SarahRaskin’s background, credentials and experience reflect her policy bias toward heavier regulation of the financial sector.
The White House’s mid-January nomination of Sarah Bloom Raskin, former deputy secretary of the US Treasury, for the Federal Reserve’s Vice Chair for Supervision of the Board of Governors removed any lingering doubt about the Biden administration’s desire to tighten the regulatory framework of the financial sector.
The Fed is charged with monitoring the country’s banking sector, and its vice chair oversees and sets rules that determine banks’ required capital levels and balance-sheet liquidity. Oversight of the burgeoning cryptocurrency market is also on the regulatory agenda. The post also will be responsible for preparing the financial sector for the impact of climate change on the industry.
Raskin most recently was a law professor at Duke University. At her Fed appointment, she was slated to become the faculty director of the law school’s Global Financial Markets Center. During the second Obama administration, she was the second-in-command to Secretary Jacob Lew at the Treasury Department, where she championed the defense of consumer safeguards in the financial marketplace, the cybersecurity safeguards of the financial sector and the stability of the financial infrastructure.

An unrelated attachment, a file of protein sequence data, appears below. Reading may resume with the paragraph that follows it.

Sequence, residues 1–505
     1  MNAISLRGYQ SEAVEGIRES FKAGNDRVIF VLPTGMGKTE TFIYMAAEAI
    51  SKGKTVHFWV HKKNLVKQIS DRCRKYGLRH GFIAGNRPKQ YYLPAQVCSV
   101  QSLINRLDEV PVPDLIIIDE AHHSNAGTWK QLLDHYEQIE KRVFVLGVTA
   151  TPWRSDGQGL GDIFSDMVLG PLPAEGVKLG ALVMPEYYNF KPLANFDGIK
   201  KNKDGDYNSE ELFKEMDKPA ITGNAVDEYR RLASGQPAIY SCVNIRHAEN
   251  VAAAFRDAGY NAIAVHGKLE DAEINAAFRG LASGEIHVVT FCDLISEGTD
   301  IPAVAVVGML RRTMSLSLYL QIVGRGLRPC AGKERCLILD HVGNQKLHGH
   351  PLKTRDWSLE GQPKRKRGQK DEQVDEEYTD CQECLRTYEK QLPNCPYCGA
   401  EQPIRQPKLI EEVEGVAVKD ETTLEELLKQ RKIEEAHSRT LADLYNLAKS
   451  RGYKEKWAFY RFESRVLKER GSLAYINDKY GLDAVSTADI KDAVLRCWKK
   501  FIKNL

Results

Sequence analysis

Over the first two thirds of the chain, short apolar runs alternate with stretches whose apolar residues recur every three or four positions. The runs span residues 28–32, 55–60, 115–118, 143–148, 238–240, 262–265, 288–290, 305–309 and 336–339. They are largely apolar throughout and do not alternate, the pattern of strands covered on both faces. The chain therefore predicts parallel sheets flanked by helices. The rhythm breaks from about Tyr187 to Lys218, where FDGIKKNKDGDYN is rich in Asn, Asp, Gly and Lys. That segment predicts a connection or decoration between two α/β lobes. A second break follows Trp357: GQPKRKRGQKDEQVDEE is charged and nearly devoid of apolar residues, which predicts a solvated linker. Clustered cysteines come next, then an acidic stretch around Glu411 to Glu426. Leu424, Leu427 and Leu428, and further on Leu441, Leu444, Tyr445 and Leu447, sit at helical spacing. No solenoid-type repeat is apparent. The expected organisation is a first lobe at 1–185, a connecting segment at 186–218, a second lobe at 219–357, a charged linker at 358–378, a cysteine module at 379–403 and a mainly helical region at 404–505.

Before joining the Treasury Department, Raskin was a governor of the Federal Reserve Board and a member of the Federal Open Market Committee. She also spent from 2007-2010 as the state of Maryland’s commissioner of financial regulation. Earlier in her career, Raskin was an attorney and corporate general counsel, and served as a lawyer for the US Senate Committee on Banking, Housing and Urban Affairs.
Raskin’s background, credentials and experience reflect her policy bias toward heavier regulation of the financial sector. Her emphasis is in line with that of the progressive wing of the Democratic Party.
She will likely face a difficult confirmation process, however. A rancorous political environment on Capitol Hill, Republican resistance to the White House’s climate agenda and concerns by Republicans regarding potential regulatory overreach on the financial sector will all make Raskin’s path more challenging. The Senate expects to start hearings on her nomination in early February.